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Overnight Energy: Navajo coal plant to close | NC dam breach raises pollution fears | House panel to examine endangered species bills
NAVAJO-OWNED COAL PLANT TO SHUTTER: A struggling coal fire plant that Interior Secretary Ryan Zinke championed will be officially shut down next year after a planned sale fell through.
The Navajo Generating Station (NGS) on the Arizona-Utah border will cease operations in a year's time after the company failed to seal a deal with New York-based Avenue Capital and Chicago-based Middle River Power, both companies that had shown an interest in purchasing the plant.
They announced Thursday that they could not come to terms after failing to find clients who would be interested in buying electricity from the coal fired power, the Associated Press reported.
The plant is operated by Navajo and Hopi tribes who both profit off the coal sales.
As the price of natural gas production has decreased over time, coal fired plants have struggled to be a competitive energy source. A number have shuttered or announced plans to retire in the near future.
Zinke, who in his role oversees the Bureau of Indian Affairs, was a strong advocate for keeping the plant operating. In April 2017, Zinke met with Navajo and Hopi leaders to discuss ways to keep the plant operating. He tweeted that he was "looking for solutions."
Putting it in context...
Electricity generation from natural gas surpassed coal as the biggest source of U.S. electricity generation in 2016, according to the U.S. Energy Information Administration. Nearly 47 percent of the power plants that retired between 2008 and 2017 were coal fired plants--the largest portion, the group found.
Nuclear power plants are experiencing a similar hit. Earlier this week the nation's oldest nuclear plant shuttered its doors earlier than expected.
TGIF! Welcome to Overnight Energy, The Hill's roundup of the latest energy and environment news.
DAM BREACH AT N.C. COAL PLANT: Floodwaters from Hurricane Florence caused a dam to breach in North Carolina, potentially allowing coal ash to flow into a major river.
The earthen dam separating Sutton Lake from the Cape Fear River breached near Wilmington, N.C., the Associated Press reported, citing Duke Energy Corp., the owner of the adjacent power plant and coal ash pond.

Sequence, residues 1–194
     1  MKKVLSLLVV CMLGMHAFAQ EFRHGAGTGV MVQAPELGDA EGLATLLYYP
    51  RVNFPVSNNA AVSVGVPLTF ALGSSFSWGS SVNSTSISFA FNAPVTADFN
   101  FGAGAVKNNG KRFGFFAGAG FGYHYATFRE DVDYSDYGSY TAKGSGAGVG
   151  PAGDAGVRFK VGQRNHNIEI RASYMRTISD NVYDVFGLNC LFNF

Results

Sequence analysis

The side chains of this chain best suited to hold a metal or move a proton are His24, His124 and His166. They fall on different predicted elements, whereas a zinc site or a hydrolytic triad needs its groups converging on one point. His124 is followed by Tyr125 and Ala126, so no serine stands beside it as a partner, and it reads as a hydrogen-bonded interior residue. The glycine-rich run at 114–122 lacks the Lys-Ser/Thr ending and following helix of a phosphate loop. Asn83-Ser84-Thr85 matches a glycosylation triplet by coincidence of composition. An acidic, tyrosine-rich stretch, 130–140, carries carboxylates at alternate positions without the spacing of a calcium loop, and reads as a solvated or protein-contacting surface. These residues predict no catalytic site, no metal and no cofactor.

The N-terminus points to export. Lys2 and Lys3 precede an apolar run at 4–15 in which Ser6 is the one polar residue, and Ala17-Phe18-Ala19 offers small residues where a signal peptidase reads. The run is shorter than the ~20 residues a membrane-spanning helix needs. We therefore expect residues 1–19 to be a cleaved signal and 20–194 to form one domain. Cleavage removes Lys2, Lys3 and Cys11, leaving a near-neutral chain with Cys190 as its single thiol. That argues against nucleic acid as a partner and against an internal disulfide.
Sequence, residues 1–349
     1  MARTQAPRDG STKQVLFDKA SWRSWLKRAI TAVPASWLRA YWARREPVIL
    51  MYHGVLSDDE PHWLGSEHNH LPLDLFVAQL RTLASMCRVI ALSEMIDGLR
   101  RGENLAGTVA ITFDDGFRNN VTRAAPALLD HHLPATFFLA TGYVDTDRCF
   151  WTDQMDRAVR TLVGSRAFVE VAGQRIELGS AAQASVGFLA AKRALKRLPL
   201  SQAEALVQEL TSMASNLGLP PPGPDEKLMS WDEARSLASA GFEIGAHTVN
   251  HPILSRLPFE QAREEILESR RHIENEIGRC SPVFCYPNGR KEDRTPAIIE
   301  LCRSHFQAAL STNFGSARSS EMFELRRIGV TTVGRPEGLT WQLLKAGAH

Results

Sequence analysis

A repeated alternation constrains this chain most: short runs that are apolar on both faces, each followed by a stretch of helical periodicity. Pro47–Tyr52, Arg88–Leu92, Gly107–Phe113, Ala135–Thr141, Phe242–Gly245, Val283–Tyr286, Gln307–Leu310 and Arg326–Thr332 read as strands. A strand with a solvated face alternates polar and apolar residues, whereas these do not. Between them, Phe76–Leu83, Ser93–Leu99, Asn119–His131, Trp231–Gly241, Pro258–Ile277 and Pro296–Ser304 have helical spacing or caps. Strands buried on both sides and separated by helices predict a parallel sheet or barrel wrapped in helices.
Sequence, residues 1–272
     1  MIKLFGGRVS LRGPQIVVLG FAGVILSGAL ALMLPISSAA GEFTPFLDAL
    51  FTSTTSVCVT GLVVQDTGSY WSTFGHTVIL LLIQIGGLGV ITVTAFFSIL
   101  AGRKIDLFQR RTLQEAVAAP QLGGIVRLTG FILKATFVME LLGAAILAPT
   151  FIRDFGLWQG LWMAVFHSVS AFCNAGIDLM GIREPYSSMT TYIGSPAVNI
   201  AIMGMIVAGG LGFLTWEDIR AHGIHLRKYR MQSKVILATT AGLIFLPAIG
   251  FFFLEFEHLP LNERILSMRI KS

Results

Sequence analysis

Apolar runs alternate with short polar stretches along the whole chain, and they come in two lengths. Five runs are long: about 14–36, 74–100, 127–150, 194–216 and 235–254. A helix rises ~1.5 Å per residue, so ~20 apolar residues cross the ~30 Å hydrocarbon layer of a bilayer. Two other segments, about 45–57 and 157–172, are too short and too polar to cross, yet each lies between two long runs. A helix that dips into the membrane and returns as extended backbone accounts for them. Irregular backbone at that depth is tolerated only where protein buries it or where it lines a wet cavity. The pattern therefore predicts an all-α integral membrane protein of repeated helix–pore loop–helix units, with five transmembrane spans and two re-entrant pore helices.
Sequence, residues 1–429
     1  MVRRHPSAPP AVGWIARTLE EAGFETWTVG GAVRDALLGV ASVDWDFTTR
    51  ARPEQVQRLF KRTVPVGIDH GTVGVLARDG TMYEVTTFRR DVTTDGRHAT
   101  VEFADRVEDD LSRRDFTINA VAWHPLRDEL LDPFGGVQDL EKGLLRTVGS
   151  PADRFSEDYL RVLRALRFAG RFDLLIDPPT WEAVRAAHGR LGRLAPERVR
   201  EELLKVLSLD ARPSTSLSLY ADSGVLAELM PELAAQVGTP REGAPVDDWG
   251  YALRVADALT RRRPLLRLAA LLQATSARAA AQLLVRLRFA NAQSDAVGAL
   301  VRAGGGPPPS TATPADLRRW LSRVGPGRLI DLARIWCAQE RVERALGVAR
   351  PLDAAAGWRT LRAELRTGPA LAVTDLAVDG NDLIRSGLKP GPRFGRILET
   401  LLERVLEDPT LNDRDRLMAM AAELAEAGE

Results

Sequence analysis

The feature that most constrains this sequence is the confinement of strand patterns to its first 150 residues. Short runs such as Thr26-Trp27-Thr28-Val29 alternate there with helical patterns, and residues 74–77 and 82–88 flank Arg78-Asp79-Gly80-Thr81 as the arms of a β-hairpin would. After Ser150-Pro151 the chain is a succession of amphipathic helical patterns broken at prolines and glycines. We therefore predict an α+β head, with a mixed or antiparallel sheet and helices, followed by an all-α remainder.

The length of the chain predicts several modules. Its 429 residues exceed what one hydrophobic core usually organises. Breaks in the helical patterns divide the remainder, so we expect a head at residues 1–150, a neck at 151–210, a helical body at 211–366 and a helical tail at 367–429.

Water had previously overtopped the dam that separates the lake from the coal ash ponds for the L.V. Sutton Power Station, so the ash might now get into the river, AP said.
Duke spokeswoman Paige Sheehan said because of the levels of water due to the flooding, she did not expect the water level in the lake to drop, which would mean a large outflow of potentially contaminated water.
Coal ash is a waste product from burning coal. It is not considered toxic by the Environmental Protection Agency, but it contains heavy metals like arsenic and cadmium, and its disposal is federally regulated.
The breach came days after Duke reported that floodwaters had displaced about 180 truckloads of coal ash from a nearby pond.
Another North Carolina Duke plant was the site of a major 2014 coal ash spill caused by a rupture in a drainage pipe. The company ended up admitting fault and paying more than $100 million in fines and restitution for that incident.
ON TAP NEXT WEEK:
The House Natural Resources Committee is planning next week to take up the Congressional Western Caucus's package of nine GOP-backed bills to change the Endangered Species Act.
Eight of the bills' initials make up words--like the WHOLE and STORAGE acts.
The bills are aimed at a number of changes, like incentivizing voluntary conservation measures, making it easier for people outside of government to get a species' protections removed and to prohibit designating man-made water projects as critical habitat.
Also on Wednesday, the Senate Environment and Public Works Committee will hold a hearing on ocean trash, its impacts on the environment and what can be done to cut down on it.
The same day will also see a hearing in a subpanel of the Senate Homeland Security and Governmental Relations Committee on per- and polyfluoroalkyl substances (PFAS) in drinking water and what the federal role is in combating the issue. Numerous localities around the country have found PFAS in their water supplies in recent years, and the EPA is considering whether to regulate levels of the pollutant. The issue of PFAS nearly military basis is of special interest since the chemical is often found in fire retardants.
OUTSIDE THE BELTWAY:
The Canadian government took an initial step Friday toward a new approval for the Trans Mountain oil pipeline expansion following a court ruling that overturned it, CBC News reports.
A man who was accused of getting too close to Yellowstone National Park's Old Faithful geyser was arrested Thursday after a chase, the Associated Press reports.
A federal judge let an upstate New York factory stay open, denying government efforts to shut it down over air pollution, the Buffalo News reports.
IN CASE YOU MISSED IT:
Check out Friday's stories ...
-Navajo-owned coal plant to be shut down despite Interior push to keep open
-NC dam breach could put coal ash into river
-Partisan politics at independent agency draws bipartisan rebuke
-Brown signs California law intended to curb plastic straws in restaurants